Specific Legal Issues
Violence and Harassment in Condominium Communities
From the CCI Review 2022/2023-3 March 2023 issue of the CCI London Chapter
Following the recent tragedy in Vaughan, we thought it would be prudent to discuss violence and harassment as our topic for February. We also discussed much of the content covered in this article alongside Laura Gurr of Cohen Highley at a sold out Lunch & Learn event hosted by the London and Area Chapter of the Canadian Condominium Institute (CCI) on January 24, 2022.
What Does the Legislation Say About Violence and Harassment?
We look to section 1(1) of the Occupational Health and Safety Act (the “OHSA”) to define violence and harassment in the workplace:
- Workplace Harassment: a course of vexatious comment or conduct that is known or ought reasonably to be known to be unwelcome
- Workplace Violence: actual or attempted physical force against a worker that causes or could cause physical injury, or a statement or behaviour that it is reasonable for a worker to interpret as a threat to exercise physical force
Understanding these definitions can be helpful in recognizing workplace violence and harassment, and in creating policies and procedures to address it. All employers who are subject to the OHSA must prepare policies with respect to workplace violence and workplace harassment and review them at least once a year. If an employer has more than six employees, then these policies must be in writing. It is also important to note that for the purposes of the OHSA, condominium managers are considered “employees” and the condominium corporation is their “workplace”.
The Condominium Act, 1998 can also serve as a resource in managing problematic behaviours within a condominium community. Section 117 prohibits activities that are likely to damage property or cause harm to an individual. This includes the psychological harm that results from written or verbal harassment.
Your corporation’s Declaration should include provisions that address violent and/or harassing conduct. For example, there might be language referring to quiet enjoyment, noise, nuisance, and damage to property. There should also be provisions related to costs for enforcing these types of provisions. It is more common to find Rules that assist in addressing violence and harassment in a condominium; however, these typically address only noise and nuisance.
Ensure that your Corporation has policies and procedures to follow in the event that an employee or a board member experiences violence or harassment. As previously discussed, OHSA requires workplace violence and harassment policies for employers that have more than six employees.
Having a safety plan in place can reduce stress and improve the time and manner in which your staff and board members respond to a potential problem. Your plan should include policies and procedures that clearly define what should be done before, during, and after an incident involving violence and harassment, including procedures for reporting and documenting incidents.
In the event that an employee or board member experiences violence or threats of violence, contact police first. You can contact your local police service on their nonemergency line to report previous incidents or to seek advice, but you should always call 911 if there is an immediate or ongoing threat to the safety of staff, board members, or residents of your condominium community.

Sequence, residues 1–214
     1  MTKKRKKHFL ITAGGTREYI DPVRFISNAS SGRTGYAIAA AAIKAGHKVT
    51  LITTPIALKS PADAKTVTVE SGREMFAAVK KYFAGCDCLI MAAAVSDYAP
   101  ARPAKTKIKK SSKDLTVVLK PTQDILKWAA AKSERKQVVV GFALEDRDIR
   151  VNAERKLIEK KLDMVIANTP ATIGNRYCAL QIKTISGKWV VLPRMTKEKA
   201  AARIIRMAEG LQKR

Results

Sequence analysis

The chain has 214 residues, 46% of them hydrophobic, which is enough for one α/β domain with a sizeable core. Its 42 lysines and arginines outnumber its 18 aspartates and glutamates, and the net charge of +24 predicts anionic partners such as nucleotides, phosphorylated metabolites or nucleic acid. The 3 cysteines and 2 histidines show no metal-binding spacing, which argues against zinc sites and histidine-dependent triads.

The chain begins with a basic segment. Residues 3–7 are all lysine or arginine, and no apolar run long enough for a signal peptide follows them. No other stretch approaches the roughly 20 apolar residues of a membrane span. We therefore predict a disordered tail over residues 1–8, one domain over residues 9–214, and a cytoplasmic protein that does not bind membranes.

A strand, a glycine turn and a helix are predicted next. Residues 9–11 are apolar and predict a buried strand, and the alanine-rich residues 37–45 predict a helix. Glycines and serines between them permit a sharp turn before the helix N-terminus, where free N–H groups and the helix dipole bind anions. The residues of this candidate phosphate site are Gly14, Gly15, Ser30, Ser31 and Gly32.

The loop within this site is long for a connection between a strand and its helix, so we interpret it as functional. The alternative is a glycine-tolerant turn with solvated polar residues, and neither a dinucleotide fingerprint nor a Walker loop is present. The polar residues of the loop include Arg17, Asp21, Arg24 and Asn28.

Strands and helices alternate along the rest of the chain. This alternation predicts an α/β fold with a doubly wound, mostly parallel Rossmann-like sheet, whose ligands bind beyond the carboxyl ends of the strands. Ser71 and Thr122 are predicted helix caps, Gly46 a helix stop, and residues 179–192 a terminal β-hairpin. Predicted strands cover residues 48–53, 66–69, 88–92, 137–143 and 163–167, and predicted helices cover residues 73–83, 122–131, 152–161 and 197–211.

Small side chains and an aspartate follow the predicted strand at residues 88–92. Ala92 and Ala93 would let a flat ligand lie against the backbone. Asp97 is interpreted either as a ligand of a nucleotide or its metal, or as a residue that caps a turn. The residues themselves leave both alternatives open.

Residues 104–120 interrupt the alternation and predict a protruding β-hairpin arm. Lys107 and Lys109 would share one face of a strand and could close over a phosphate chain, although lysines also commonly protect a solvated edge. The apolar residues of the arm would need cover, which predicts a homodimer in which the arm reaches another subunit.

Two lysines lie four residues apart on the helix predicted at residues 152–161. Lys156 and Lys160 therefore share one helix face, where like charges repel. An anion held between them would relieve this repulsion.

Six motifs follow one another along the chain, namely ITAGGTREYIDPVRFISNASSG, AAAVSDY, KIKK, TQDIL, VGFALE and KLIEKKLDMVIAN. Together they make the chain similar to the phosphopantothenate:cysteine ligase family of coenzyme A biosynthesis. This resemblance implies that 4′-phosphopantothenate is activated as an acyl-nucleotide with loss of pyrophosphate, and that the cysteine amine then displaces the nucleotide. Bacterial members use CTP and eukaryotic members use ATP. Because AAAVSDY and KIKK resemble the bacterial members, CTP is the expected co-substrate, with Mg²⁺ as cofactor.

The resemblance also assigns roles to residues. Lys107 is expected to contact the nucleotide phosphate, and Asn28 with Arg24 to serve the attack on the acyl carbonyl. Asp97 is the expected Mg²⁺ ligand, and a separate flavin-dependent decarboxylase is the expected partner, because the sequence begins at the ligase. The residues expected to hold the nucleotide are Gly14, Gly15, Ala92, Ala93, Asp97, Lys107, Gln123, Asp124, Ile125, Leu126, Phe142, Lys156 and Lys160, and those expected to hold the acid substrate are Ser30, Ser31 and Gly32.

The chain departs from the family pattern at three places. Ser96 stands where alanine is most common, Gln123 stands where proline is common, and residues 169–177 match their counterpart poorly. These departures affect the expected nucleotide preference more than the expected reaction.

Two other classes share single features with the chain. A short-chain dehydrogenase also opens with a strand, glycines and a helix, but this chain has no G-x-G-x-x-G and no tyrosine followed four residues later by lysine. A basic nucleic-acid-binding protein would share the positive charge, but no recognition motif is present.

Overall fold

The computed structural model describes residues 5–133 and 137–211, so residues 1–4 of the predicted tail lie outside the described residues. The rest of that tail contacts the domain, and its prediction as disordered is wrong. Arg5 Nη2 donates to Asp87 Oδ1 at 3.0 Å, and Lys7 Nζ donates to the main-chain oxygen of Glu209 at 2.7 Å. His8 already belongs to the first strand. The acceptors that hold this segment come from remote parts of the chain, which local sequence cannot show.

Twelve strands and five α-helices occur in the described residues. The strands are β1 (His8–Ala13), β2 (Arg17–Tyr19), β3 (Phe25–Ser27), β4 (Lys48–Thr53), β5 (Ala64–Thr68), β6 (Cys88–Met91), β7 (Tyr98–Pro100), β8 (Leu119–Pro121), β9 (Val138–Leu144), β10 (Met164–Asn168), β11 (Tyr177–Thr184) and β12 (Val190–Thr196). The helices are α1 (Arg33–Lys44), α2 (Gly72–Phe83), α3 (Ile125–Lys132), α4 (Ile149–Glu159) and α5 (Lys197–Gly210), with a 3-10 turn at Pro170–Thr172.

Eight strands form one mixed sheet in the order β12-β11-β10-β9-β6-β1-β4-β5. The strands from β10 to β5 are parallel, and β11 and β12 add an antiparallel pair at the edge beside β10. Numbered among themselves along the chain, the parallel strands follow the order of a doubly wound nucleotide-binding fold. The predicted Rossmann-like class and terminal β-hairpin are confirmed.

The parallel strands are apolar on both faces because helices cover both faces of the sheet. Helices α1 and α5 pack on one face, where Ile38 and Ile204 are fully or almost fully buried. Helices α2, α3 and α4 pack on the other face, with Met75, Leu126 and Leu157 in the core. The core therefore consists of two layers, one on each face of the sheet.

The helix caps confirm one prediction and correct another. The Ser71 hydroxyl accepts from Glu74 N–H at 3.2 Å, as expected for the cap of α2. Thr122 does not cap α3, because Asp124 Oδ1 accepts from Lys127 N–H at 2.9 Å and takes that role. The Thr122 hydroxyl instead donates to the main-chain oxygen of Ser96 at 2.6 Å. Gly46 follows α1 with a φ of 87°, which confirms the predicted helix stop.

A peace bond is a court order issued under section 810 of the Criminal Code of Canada that requires a person to “keep the peace and be of good behavior” and to obey specific conditions, which may include not contacting a specific person or not attending at a specific location. Anyone can make an application for a peace bond if they fear that someone is a significant threat to their safety or their property.
A peace bond must be between specific individual persons, and therefore a peace bond cannot be issued to protect a corporation or condominium management service provider. This also means that the peace bond cannot be transferred between individuals to protect any person who holds a specific position within the corporation, such as a property manager or board president.
The process for acquiring a peace bond is outlined briefly in this flow chart and explained in detail on the Government of Ontario website.
How Can Your Legal Team Help?
Violence and harassment issues are often complex and require careful consideration of many unpredictable factors. Your legal team can help your Corporation create rules, policies, and procedures to manage the process of responding to, documenting, and reporting incidents of violence and harassment to create safer condominium communities for staff, board, and residents.
Kristi Sargeant-Kerr, LL.B., LCCI is a partner with Scott Petrie, specializes in all aspects of condominium and real estate law, including development, management and litigation and purchase, sale and mortgaging of condominiums. She has extensive experience working with managers and corporations in and around the region and prides herself on finding reasonable solutions to their complex issues. Kristi is on the local CCI Board of Directors and is co-chair of their Education Committee. She has also been appointed to the Advisory Committee of the Condominium Management Regulatory Authority of Ontario (CMRAO).
Madeleine Stirland joined Scott Petrie LLP in 2020 after completing her Master of Museum Studies degree and working as a museum professional in London and Toronto. She continues to work with Kristi on condominium matters, particularly enforcement matters and those before the Condominium Authority Tribunal. She assists on the Education Committee of the chapter.
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